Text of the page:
Characters Successfully Drive Drue Heinz Prize-Winning Work “Now You Know It All”
Fiction is full of self-deception. Perhaps what makes J.D. Salinger’s Holden Caulfield and Vladimir Nabokov’s Humbert Humbert two of the most interesting narrators in contemporary literature is the way they continually delude themselves into believing whatever they’re selling. In a similar vein, author Joanna Pearson shows herself to be a deserving winner of the 2021 Drue Heinz Literature Prize for her compelling short story collection, Now You Know It All (University of Pittsburgh Press), which abounds with protagonists unwilling to face their situations until forced to do so.
In a recent interview with the Cincinnati Review, Pearson discusses her use of the unreliable narrator, saying that “Most narrators are, to varying degrees — and it’s a quality I love exploiting. Maybe reliable narrators exist, but only in this asymptotic way: you can get pretty close, but never all the way there. Even with a godlike omniscient third person, there’s still some perch or perspective from which the characters and actions are seen. There are just increasing degrees of subtlety or remove.” Using precise rendering of likable but flawed individuals allows conflicts to unfold on the page that will keep readers engaged in the lack of easy answers her conclusions withhold.
Pearson, a practicing psychiatrist based in North Carolina, goes on to say, “My day job involves a lot of thinking about how and why people are what they are, their motivations and desires, what they do, and the life events they’ve experienced. …The connections between this and writing are almost so obvious that I feel a need to declare very loudly: I don’t write about my patients, not even in a de-identified way! But in the indirect way that everything we live and do and encounter gets metabolized into our fiction, I’ve no doubt that my day job seeps into my writing. Real life is messy, though, whereas stories (I think) require a shape. I love that — it’s the fun part. In fiction every single moment bears weight and potential symbolism, every detail chosen for a reason.” In some of the strongest of the 11 stories, Pearson fashions real world events to be reimagined in interesting ways.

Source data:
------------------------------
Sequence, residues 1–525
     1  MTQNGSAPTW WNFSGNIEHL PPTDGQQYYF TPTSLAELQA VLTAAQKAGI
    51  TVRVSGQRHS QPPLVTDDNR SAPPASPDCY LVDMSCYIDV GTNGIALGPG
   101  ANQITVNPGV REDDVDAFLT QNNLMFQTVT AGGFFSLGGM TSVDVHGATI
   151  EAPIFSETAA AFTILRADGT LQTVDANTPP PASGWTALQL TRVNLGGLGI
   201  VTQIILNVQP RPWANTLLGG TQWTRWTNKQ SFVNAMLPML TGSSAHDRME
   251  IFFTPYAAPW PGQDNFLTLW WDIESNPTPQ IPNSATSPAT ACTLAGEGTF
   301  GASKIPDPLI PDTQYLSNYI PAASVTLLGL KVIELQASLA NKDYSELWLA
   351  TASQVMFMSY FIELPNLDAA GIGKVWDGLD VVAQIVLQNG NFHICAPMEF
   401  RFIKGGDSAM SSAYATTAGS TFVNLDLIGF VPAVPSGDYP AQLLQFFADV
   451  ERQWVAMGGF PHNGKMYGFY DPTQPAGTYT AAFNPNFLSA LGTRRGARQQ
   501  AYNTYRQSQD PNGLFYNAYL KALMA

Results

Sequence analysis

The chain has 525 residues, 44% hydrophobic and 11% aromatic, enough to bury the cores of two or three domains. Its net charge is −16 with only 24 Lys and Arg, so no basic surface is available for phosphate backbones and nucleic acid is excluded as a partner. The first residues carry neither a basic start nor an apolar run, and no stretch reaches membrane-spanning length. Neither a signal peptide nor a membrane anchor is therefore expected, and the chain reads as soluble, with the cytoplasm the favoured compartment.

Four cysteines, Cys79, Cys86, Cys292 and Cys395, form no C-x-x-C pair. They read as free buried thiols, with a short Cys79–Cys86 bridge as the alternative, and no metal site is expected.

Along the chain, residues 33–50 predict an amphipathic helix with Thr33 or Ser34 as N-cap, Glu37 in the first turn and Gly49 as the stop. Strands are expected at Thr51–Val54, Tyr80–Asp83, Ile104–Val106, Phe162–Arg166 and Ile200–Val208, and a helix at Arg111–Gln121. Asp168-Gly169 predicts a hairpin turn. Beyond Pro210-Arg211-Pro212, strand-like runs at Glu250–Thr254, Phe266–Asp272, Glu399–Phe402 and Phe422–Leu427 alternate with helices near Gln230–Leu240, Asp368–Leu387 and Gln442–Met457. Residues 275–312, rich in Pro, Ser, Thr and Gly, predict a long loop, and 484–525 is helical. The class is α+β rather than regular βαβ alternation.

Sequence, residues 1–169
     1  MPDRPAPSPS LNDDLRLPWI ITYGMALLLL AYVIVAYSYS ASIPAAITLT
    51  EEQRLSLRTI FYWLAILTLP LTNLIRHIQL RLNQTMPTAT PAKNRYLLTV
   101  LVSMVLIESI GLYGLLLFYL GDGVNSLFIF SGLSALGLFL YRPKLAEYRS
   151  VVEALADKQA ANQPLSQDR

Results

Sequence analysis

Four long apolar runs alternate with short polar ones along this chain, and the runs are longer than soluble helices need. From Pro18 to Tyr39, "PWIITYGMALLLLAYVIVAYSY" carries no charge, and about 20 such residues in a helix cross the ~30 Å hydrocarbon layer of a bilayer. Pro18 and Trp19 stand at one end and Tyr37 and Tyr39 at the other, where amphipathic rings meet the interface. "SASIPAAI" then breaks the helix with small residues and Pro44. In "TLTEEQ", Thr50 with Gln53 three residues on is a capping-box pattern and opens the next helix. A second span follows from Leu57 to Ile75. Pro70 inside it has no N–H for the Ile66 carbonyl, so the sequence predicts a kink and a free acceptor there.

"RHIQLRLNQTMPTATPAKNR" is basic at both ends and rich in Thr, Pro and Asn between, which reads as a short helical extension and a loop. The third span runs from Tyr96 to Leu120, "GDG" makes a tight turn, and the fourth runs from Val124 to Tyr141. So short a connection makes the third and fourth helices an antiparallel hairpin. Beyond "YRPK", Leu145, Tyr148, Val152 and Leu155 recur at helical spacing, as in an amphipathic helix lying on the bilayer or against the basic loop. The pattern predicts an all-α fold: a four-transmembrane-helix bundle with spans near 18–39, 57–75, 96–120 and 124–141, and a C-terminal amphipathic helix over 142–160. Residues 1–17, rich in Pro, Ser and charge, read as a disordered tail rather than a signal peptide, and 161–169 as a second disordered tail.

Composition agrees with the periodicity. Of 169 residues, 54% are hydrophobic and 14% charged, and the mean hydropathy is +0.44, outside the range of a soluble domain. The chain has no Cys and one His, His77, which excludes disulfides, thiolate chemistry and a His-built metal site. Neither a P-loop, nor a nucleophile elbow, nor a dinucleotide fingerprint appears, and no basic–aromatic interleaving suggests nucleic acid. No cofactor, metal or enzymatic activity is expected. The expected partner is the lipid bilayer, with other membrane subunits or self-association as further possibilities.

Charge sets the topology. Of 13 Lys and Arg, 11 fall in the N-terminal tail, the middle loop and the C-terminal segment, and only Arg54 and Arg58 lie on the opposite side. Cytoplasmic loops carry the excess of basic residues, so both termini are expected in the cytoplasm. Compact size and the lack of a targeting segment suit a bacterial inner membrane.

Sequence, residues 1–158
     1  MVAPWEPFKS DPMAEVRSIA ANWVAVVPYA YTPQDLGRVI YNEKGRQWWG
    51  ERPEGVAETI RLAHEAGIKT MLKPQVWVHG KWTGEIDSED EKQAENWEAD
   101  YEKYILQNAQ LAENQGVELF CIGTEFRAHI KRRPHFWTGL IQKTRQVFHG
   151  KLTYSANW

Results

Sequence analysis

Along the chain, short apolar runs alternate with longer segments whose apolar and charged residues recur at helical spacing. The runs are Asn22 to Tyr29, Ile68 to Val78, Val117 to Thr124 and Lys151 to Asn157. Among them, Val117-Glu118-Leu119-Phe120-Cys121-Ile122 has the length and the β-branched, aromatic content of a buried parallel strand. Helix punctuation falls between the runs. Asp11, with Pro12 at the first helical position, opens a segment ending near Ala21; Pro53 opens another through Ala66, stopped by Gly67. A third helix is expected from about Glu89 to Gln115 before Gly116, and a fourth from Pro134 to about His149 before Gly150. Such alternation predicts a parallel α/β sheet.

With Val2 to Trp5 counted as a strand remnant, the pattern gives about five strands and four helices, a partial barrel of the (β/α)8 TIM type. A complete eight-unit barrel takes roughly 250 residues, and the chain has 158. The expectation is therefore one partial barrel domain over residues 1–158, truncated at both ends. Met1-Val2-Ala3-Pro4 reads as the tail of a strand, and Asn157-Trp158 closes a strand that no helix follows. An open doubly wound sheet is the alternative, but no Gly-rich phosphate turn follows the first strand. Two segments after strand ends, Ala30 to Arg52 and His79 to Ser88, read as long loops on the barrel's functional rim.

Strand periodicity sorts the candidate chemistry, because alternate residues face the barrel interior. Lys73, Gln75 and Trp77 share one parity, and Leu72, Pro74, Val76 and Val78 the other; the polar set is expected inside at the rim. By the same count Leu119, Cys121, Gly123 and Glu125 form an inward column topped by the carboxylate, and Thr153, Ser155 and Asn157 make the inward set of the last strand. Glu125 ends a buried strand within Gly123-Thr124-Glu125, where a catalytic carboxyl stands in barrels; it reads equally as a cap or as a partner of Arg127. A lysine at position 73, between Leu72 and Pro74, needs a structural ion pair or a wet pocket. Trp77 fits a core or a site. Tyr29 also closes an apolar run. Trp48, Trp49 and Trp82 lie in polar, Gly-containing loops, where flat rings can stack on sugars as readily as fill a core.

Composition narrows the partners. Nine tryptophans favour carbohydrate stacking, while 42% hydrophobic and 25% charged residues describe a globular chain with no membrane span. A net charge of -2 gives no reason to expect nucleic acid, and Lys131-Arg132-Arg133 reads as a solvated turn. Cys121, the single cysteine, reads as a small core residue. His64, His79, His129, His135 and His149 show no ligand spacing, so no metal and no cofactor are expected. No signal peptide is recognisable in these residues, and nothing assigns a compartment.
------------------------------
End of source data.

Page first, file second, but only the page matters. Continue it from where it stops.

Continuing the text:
In “Darling,” the titular character has returned, years later, to her small southern hometown where she’d been recruited just before high school graduation by a Ghislaine Maxwell-type who grooms her to serve a Jeffery Epstein-like billionaire. This “ripped from the headlines” story works not because of its focus on the wealthy criminals, but instead because it allows a glimpse into the mindset of this fictional victim dealing with the fallout and tabloid headlines. In an ironic twist, Pearson has her hiding in plain sight at the same restaurant where she originally worked as a teen seeking a more glamorous life. “Darling was used to sloppiness. She was used to dirty napkins and sticky seats and loosely capped ketchup bottles, mushed French fries and smeared plates. She maneuvered through the restaurant detritus, avoiding crumpled napkins on the floor like a royal sidestepping dog droppings, and she’d perfected a way of looking down her nose when a patron, jokey and overfamiliar, said, ‘Darling. Now that’s not your real name, is it?’ Darling wouldn’t even answer, just cocked her head to one side, tapping her pen on her pad like it was an act of noblesse oblige even to be there…” When her high school boyfriend Clyde discovers she’s back in town, he tries to win her back, but regret keeps them grasping for straws and the story plays out like a delicious backwards Cinderella tale.